Swaying side to side with a child in his arms, Texas Rep. Mike Villarreal nodded politely in my direction before returning his captive attention to the Laurie Auditorium’s main stage where the hypnotizing Grammy-winning singer Lila Downs continued to fervently croon about immigration issues and “the strength that women have in the face of adversity.” Like a televangelist or an up-and-coming, emotive politician, Downs’ 2012 concert at Trinity University attracted a tent revival full of political hopefuls, elected dignitaries and enthusiastic young people dolled up in their finest Chicano chic attire for a production that could be best described as part rock concert, part political rally and part social studies class.
When Downs returns to San Antonio to play the Majestic, she’ll be packing the artistic might only a generous two-year career incline could afford. Presented by the Esperanza Peace and Justice Center, Sunday’s show promises more of the votive messages that rhythmically pulsate beneath her refreshingly untapped world music melodies.
“I hope that it is about the message,” Downs says via phone from a southbound tour bus in Northern California, “because I find that’s a very important part about what I do. It’s boring to talk about [social issues]. To sing about [them] is much more beautiful and exciting.”
Exciting and sexy, the latter being more experimentally deliberate these days. The daughter of a Mixtec mother and a Scottish-American father, Downs was concerned in the ’90s that audiences weren’t taking her music seriously. “I didn’t like it when guys were checking me out,” she admits with a chuckle. “I wasn’t into that part of my sexuality. I became kind of like a ‘man-woman.’ That’s the way we kind of defined it in Indian terms. And as I’ve gotten older, I keep bringing up the hemline, you know? And opening the cleavage more and more.”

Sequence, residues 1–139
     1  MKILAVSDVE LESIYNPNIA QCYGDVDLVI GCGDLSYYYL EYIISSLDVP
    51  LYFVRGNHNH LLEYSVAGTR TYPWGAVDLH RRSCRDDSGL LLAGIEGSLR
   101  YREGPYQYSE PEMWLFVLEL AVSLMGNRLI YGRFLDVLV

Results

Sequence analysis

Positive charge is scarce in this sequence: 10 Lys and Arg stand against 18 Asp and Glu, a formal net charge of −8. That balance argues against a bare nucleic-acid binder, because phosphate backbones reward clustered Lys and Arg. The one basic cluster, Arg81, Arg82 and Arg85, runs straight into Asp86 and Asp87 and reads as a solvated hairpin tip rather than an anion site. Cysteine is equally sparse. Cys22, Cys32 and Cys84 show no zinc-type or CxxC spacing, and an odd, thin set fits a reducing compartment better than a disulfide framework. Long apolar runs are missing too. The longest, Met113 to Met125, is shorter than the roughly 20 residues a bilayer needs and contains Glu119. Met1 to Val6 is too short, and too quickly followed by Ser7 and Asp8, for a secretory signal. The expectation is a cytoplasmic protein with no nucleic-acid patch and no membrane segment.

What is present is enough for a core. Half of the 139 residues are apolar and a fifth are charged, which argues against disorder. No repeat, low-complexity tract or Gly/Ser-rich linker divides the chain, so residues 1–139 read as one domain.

Her social media-driven fan base, of which she’s “happy and proud,” certainly isn’t complaining. “[The ages of] the people who come to our concerts are like 18, then like 70,” she says, crediting her success to the age of narrowbanding.
Downs feels that a “resonance” with her SA audiences came quickly: “It was a surprise to me how unique and old-fashioned—in a Mexican way—[San Antonio] was. So I identified with it immediately,” she says.
She delicately describes current U.S. immigration policy as “a complex situation” and seems beholden that her touring has provided her an ongoing opportunity to break bread with legislators, other international artists and, of late, President Barack Obama.
“It’s important to teach politicians and children about who we are. I hope that in some way I am a good influence in terms of making people think about what they say,” Downs says.
For her upcoming LP Balas y Chocolate (Bullets and Chocolate), a tribute to Día de los Muertos, she has a mind to do a video about the “origin of chocolate.” Chocolate and high hemlines? Who could ask for anything más?
7pm Sun, Aug 31
The Majestic Theatre
224 E Houston
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